• Competing interests AS: stocks: Amnis Therapeutics, Apama Medical, BlinkTBI, Inc., Buffalo Technology Partners, Inc., Cardinal Health, Cerebrotech Medical Systems, Inc., Claret Medical, Cognition Medical, Endostream Medical, Ltd, Imperative Care, International Medical Distribution Partners, Rebound Therapeutics Corp., Silk Road Medical, StimMed, Synchron, Three Rivers Medical, Inc., Viseon Spine, Inc. Consultant/Advisory Board: Amnis Therapeutics, Boston Scientific, Canon Medical Systems USA, Cerebrotech Medical Systems, Inc., Cerenovus, Claret Medical, Corindus, Endostream Medical, Ltd, Guidepoint Global Consulting, Imperative Care, Integra, Medtronic, MicroVention. KS: consultant: Penumbra, Canon Medical Systems, Medtronic, Jacobs Institute, Neurovascular Diagnostics. JD: stock/stock options: Rist Neurovascular, Inc. Consultancy: Cerevenous, Medtronic; payment for lectures including service on speakers bureaus: PEEL. Consultant: Penumbra, NextGen Biologics, Rapid Medical, Cognition Medical, Three Rivers Medical, Stryker, MedX, Endostream Medical. PK: consultant: Stryker, Covidien, Cerenovus, and MicroVention. Stockholder: InNeuroCo. MM: Grant NIH R21NS109575. Consultant: Medtronic, Canon Medical, Cerenovus. Stock options: Serenity Medical, Synchron, VICIS, Endostream.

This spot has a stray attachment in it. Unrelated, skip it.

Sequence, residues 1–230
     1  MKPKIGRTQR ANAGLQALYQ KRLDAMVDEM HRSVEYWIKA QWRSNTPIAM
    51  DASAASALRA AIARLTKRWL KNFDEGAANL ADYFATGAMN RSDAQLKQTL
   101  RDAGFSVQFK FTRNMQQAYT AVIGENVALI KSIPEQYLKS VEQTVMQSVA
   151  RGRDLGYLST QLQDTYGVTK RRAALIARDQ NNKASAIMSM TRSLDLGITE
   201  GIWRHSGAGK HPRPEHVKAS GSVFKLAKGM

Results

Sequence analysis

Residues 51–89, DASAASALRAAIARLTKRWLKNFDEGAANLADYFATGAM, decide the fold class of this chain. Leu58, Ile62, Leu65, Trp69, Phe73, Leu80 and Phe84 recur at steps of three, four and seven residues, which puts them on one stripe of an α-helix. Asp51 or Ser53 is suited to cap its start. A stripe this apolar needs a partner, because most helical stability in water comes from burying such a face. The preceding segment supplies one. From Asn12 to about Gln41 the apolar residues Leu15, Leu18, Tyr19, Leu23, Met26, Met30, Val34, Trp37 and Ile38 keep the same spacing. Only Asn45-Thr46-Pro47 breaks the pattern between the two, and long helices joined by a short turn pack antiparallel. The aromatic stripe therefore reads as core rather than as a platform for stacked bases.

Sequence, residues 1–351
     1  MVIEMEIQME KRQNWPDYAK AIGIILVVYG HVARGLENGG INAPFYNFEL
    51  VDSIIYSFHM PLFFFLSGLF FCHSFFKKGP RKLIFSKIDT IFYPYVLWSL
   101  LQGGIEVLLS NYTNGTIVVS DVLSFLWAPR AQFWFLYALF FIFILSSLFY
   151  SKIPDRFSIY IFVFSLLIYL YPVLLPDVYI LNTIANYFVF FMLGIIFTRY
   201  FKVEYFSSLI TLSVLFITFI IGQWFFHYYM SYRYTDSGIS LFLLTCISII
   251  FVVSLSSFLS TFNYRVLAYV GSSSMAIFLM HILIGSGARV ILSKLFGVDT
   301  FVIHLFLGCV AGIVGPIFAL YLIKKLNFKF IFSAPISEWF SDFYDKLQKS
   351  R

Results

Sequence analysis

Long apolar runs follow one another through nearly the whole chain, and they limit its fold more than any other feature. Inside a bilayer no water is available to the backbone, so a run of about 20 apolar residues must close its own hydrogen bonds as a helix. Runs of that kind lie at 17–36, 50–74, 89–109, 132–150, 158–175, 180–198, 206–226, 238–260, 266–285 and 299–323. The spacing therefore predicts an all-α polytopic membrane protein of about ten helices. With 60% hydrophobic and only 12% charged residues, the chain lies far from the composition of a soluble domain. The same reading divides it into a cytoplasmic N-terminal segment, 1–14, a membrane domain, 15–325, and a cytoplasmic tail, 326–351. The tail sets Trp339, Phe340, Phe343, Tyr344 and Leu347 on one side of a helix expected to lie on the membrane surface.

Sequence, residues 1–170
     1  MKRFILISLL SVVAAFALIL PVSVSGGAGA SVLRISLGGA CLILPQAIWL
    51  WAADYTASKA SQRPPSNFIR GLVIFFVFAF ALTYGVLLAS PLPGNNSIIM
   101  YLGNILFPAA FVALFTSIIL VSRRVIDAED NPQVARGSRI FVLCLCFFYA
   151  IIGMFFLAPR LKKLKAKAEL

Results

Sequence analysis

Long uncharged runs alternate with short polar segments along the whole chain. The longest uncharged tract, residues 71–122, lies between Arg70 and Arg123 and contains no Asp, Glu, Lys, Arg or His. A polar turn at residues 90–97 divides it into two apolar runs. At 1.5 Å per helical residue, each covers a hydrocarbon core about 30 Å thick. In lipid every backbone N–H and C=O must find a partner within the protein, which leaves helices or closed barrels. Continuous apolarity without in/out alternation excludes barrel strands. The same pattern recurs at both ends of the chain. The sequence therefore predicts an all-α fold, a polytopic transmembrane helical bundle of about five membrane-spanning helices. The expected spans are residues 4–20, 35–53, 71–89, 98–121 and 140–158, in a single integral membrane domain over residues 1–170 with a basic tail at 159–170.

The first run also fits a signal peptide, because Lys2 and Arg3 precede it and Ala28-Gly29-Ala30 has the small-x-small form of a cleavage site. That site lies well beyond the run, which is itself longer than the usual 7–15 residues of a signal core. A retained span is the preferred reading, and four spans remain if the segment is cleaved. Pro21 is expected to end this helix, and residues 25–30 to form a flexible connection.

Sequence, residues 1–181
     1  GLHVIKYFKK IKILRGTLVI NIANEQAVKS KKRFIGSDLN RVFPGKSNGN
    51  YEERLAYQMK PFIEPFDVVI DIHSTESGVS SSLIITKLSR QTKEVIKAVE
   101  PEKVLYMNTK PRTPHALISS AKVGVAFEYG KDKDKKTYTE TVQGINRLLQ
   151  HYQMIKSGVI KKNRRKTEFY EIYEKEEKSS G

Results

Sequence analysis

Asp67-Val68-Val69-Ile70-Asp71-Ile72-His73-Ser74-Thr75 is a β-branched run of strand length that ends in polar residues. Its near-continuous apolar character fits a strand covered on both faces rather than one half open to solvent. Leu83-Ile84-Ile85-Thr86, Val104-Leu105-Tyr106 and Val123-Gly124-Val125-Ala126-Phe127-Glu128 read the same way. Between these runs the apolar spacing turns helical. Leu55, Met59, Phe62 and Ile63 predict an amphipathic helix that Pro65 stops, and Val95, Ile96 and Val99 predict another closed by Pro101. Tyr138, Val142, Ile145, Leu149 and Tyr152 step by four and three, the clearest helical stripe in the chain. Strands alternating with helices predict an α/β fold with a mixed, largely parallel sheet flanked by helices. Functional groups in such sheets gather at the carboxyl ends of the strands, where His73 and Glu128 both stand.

• Patient consent for publication Not required.

  • Ethics approval This research was approved by each respective institution’s Institutional Review Board (IRB; University of South Florida: Pro00019619; University of Buffalo: 030-578913; Baylor University: H31363). The requirement for informed consent was waived by each IRB.

  • Provenance and peer review Not commissioned; externally peer reviewed.

  • Data availability statement All data were presented in this article

Request Permissions

If you wish to reuse any or all of this article please use the link below which will take you to the Copyright Clearance Center’s RightsLink service. You will be able to get a quick price and instant permission to reuse the content in many different ways.